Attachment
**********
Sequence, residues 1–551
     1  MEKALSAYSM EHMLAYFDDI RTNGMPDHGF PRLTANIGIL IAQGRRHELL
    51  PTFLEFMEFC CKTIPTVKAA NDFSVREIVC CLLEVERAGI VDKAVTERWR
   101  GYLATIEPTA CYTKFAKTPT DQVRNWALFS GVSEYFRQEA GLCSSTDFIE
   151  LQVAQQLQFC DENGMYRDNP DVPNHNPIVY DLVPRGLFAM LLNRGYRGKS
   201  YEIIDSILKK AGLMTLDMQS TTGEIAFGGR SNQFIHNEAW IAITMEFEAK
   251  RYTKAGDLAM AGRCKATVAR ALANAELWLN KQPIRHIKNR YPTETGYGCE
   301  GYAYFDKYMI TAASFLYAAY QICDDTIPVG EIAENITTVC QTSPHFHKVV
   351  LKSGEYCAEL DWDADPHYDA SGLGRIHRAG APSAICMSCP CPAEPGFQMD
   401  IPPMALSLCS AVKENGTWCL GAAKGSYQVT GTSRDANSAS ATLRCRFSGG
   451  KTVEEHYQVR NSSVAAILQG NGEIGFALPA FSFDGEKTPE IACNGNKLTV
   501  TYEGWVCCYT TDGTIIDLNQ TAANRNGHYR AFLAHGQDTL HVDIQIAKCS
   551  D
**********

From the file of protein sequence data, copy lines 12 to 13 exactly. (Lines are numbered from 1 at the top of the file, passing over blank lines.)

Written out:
   501  TYEGWVCCYT TDGTIIDLNQ TAANRNGHYR AFLAHGQDTL HVDIQIAKCS
   551  D